And in his own way Boaz too is a man of great integrity and faith. He knows all about Ruth’s kindness to Naomi. So we read in chapter 2 how he makes sure that the men gathering the harvest leave her alone and do not interfere with her. He gives instructions that Ruth is to be generously provided for. Here is a man who shows in simple, practical actions how to do the right thing. He is a model Israelite in his care and concern for the poor, and in making sure the vulnerable are protected.
It’s not too surprising, then, that Naomi sees Boaz as the ideal husband for Ruth. That’s why in chapter 3 she tells her daughter-in-law to go to Boaz in the middle of the night and lie down at his feet. Now if a man of a marriageable age wakes up and discovers a beautiful young woman next to him, you might imagine what happens next. Except in Boaz’s case, it doesn’t. Boaz never takes advantage of Ruth. He is concerned all along to do right by her, and to follow the law of Moses properly. Not because he wants everyone to know how good and righteous he is, but because he wants to honour the Lord, both when working out in the field, and in the privacy of his own quarters.
So finally we come to the events of chapter 4. Now the details of the marital arrangements all seem very peculiar to us nowadays: the concept of a kinsman-redeemer, acquiring a dead man’s widow, taking off your sandal to legalise a transaction. They are a reminder that we are dealing here with a story set long, along ago in a far-off land. But then again, the customs surrounding marriage are always changing and some of the things we do today in the 21st century must seem very strange even to our immediate ancestors. No-one a hundred years ago would dream you would get married in a hotel, for example, or that there would be whole television series devoted to the most bizarre weddings you could possibly imagine. How a man and a woman choose to wed varies enormously from age to age, let alone from culture to culture.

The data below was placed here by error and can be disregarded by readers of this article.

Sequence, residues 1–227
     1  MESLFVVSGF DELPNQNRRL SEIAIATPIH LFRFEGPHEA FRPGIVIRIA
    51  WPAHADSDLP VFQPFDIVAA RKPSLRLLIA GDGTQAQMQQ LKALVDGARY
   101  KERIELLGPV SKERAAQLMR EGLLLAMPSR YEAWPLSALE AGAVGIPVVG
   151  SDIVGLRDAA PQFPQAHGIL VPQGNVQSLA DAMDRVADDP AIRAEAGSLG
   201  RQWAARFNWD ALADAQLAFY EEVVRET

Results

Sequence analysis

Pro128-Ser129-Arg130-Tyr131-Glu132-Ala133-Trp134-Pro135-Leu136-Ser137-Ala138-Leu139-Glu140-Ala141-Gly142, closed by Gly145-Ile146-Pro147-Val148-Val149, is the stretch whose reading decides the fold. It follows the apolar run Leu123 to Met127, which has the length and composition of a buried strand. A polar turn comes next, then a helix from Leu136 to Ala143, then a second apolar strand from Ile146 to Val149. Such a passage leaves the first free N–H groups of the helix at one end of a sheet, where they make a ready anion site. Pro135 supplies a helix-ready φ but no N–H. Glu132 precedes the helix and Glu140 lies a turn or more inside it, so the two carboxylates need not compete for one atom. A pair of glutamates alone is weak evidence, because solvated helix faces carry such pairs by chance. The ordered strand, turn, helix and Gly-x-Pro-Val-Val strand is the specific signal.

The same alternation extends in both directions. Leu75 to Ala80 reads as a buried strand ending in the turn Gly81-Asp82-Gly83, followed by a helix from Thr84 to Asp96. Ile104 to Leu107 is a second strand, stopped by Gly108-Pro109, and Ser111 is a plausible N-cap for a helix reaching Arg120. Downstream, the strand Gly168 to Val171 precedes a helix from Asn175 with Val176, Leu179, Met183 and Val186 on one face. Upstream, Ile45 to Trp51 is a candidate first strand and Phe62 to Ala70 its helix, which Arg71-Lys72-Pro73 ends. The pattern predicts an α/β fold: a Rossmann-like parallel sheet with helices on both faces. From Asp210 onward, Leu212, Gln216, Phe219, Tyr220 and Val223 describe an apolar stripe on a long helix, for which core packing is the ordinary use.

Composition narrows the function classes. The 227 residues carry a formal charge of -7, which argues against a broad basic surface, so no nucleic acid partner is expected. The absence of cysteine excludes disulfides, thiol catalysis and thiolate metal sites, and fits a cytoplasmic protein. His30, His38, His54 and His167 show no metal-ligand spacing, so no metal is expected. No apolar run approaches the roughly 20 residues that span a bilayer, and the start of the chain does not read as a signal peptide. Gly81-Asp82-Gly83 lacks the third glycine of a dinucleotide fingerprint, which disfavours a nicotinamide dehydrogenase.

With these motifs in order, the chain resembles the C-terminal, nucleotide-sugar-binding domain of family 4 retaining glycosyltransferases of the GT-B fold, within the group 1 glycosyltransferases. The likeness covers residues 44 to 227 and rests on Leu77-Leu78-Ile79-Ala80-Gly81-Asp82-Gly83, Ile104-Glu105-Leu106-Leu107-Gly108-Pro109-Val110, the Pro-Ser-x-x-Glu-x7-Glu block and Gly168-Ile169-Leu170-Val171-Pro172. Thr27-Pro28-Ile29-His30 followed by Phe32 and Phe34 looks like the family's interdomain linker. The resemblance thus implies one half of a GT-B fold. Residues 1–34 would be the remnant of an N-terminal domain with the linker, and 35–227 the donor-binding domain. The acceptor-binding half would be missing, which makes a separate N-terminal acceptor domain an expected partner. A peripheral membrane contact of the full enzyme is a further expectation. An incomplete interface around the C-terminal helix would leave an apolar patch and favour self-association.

But this does not mean there is nothing we can learn from this chapter – far from it. Because in Boaz’s actions we can see the underlying reasons why marriage is important and why as far as it lies within us we ought to uphold and promote what the prayer book calls an honourable estate, instituted of God.
First of all, Boaz is keen to establish a public recognition of their relationship. It is, you see, hugely significant that as verse 1 tells us, Boaz went up to the town gate and sat there. In a village such as Bethlehem the gateway of the town wall was the public space where people would meet and greet, and it was the place where legal business was carried out. So when Boaz sits down in the town gate, he quite literally means business. And just so that no-one can challenge any decisions that he’s involved in, we see in the next verse how he takes ten elders to be reliable witnesses of the events. By the end of proceedings there could be no doubt who Ruth was going to belong to – either this unnamed kinsman redeemer or Boaz.
Because that in essence is what marriage is about – the creation of a new relationship affirmed and acknowledged in the presence of the Lord and those around you. It is on this basis that marriage has formed the bedrock of societies for thousands of years. By contrast, in our society today, relationships between a man and a woman are seen as a private matter between two adults and the historic institution of marriage is collapsing. Statistics released in 2015 show that in this country 90% of people aged 60 years of over had been married at some point in their life. For young people today, only 50% will go on to marry.
Does any of this matter? Yes, it does. Without marriage, it is far less clear who belongs to whom. It affects the security of those in such relationships. It affects the children of these relationships. I say this not to condemn anyone who is struggling with the whole issue of marriage at the moment, but to point out that without the ideal of marriage the cost to society is huge in all sorts of ways. How to apply that ideal without increasing the hurt and pain so many feel, well, that’s another matter. But the Lord has given us the institution of marriage for a reason, and we need to work out as a church how we can sensitively and promote this honourable estate in a way that honours Him and shows genuine love and compassion to all.
Secondly, Boaz is keen to show he is willing to assume responsibilities for his new family.